NLM Title Abbreviation
DOI of Published Version
BACKGROUND: Evans syndrome (ES) is a rare disease characterized by simultaneous or sequential development of autoimmune hemolytic anemia (AIHA) and immune thrombocytopenia (ITP) with or without immune neutropenia. Splenectomy is one of the treatment options for disease refractory to medical therapy. Venous thromboembolism (VTE) following splenectomy for hematological diseases has an incidence of 10%.
CASE PRESENTATION: Here we describe a case report of a young patient hospitalized with severe hemolytic anemia with Hgb 4.8 g/dl. He developed thrombocytopenia with platelet nadir of 52,000/mm3, thus formally diagnosed with ES. He failed standard medical therapy. He underwent splenectomy and had a fatal outcome. Autopsy confirmed the cause of death as pulmonary embolism (PE).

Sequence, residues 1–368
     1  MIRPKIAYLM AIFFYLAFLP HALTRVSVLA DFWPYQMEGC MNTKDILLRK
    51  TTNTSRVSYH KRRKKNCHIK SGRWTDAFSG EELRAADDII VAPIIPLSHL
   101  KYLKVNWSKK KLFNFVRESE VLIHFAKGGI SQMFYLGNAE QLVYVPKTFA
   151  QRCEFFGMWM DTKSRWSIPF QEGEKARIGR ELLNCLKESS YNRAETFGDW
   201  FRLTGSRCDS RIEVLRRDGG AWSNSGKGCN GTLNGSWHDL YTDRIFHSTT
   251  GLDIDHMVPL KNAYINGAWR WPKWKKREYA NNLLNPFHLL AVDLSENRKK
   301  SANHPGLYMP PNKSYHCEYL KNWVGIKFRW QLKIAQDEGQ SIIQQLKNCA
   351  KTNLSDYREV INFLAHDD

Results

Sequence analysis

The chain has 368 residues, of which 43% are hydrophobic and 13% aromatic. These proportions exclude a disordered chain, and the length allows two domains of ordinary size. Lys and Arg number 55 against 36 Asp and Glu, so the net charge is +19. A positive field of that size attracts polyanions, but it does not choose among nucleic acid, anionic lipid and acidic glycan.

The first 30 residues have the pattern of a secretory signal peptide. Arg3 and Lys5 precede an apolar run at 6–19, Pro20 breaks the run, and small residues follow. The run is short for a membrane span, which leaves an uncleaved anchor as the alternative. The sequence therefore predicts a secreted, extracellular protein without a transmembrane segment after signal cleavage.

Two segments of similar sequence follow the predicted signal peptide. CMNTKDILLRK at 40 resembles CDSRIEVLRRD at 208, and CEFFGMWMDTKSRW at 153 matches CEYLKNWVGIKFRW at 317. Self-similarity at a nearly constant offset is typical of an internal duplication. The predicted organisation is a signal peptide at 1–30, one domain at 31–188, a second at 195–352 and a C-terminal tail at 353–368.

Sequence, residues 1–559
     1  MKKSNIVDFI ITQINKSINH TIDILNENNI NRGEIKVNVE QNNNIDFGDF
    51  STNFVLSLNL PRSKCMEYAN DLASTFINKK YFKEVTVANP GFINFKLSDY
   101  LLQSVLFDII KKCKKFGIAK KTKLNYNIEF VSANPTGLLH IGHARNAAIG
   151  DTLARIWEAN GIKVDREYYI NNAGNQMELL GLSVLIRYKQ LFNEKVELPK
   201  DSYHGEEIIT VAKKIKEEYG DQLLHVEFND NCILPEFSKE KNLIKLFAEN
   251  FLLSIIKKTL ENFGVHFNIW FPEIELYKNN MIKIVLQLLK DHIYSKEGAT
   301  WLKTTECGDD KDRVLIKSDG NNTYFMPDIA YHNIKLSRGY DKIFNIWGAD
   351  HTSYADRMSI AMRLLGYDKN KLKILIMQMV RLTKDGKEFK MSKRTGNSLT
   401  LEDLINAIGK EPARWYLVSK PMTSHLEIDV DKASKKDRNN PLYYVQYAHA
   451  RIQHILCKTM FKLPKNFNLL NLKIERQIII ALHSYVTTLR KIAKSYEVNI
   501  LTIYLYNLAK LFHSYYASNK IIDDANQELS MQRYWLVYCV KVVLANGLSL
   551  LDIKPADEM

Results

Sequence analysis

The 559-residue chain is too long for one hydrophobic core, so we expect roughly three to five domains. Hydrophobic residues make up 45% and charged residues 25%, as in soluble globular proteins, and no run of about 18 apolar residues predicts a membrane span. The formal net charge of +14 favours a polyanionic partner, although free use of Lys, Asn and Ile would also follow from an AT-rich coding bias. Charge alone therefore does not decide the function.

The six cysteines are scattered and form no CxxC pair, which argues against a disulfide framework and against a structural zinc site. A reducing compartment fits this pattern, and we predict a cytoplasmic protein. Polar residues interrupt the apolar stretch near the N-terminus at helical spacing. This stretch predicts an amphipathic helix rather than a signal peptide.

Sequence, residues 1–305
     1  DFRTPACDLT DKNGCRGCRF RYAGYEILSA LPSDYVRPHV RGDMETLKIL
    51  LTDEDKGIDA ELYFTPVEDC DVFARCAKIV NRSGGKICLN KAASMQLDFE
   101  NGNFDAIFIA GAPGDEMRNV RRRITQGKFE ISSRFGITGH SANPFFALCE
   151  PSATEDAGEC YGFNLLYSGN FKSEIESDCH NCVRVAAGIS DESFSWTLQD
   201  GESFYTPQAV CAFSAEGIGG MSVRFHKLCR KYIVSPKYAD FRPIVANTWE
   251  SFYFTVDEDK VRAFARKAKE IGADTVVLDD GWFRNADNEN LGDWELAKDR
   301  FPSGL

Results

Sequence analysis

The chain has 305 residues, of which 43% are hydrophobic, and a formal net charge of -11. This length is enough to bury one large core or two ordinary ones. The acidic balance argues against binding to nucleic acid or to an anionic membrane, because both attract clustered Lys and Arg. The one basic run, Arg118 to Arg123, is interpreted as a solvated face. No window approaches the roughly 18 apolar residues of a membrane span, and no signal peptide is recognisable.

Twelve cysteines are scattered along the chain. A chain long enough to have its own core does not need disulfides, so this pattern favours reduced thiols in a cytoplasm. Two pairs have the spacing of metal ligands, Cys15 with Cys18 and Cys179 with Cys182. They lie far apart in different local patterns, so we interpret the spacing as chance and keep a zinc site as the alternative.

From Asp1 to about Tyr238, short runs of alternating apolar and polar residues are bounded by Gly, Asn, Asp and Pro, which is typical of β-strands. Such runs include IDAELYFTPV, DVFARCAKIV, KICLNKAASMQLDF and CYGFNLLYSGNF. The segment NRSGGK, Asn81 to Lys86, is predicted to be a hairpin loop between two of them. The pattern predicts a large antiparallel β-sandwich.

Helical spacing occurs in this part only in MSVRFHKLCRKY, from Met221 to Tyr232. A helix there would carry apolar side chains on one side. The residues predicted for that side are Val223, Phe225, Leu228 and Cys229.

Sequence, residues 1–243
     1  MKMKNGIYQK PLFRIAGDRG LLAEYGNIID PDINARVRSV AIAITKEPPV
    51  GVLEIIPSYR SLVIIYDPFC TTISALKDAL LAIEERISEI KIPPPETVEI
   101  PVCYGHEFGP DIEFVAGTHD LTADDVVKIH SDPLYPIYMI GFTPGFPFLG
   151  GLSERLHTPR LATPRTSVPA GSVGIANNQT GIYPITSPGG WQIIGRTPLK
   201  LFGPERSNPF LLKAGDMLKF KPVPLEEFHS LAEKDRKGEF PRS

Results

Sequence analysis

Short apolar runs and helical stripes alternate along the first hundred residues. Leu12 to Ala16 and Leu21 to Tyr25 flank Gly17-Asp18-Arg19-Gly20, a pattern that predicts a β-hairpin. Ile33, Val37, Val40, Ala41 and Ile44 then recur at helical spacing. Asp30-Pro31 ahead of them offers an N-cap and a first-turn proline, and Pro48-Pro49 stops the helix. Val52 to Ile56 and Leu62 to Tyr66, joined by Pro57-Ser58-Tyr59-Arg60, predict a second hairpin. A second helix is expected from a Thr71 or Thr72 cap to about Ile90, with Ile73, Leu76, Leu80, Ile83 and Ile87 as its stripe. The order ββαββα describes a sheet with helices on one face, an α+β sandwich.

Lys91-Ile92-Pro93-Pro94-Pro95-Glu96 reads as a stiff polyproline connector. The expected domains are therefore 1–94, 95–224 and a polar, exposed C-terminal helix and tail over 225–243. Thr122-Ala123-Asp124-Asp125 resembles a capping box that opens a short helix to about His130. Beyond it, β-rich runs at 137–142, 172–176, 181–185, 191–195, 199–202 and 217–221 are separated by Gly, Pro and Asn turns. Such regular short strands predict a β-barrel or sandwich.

CONCLUSIONS: This case report and review of the literature highlight important aspects of the association between VTE, splenectomy, and hemolytic syndromes including the presence of thrombocytopenia. The burden of the disease is reviewed as well as various pathophysiologic mechanisms contributing to thromboembolic events in these patients and current perioperative prophylactic anticoagulation strategies. Despite an advancing body of literature increasing awareness of VTE following splenectomy, morbidity and mortality remains high. Identifying high risk individuals for thromboembolic complications from splenectomy remains a challenge. There are no consensus guidelines for proper perioperative and post-operative anti-coagulation. We encourage future research to determine which factors might be playing a role in increasing the risk for VTE in real time with hope of forming a consensus to guide management.
OAfund, Venous thromboembolism, Splenectomy, Evan’s Syndrome, Reactive thrombocytosis, Case report
Journal Article Version
Version of Record
Published Article/Book Citation
Thrombosis Journal (2017) 15:18
Copyright (c) 2017 The Author(s)
Creative Commons License
This work is licensed under a Creative Commons Attribution 4.0 License.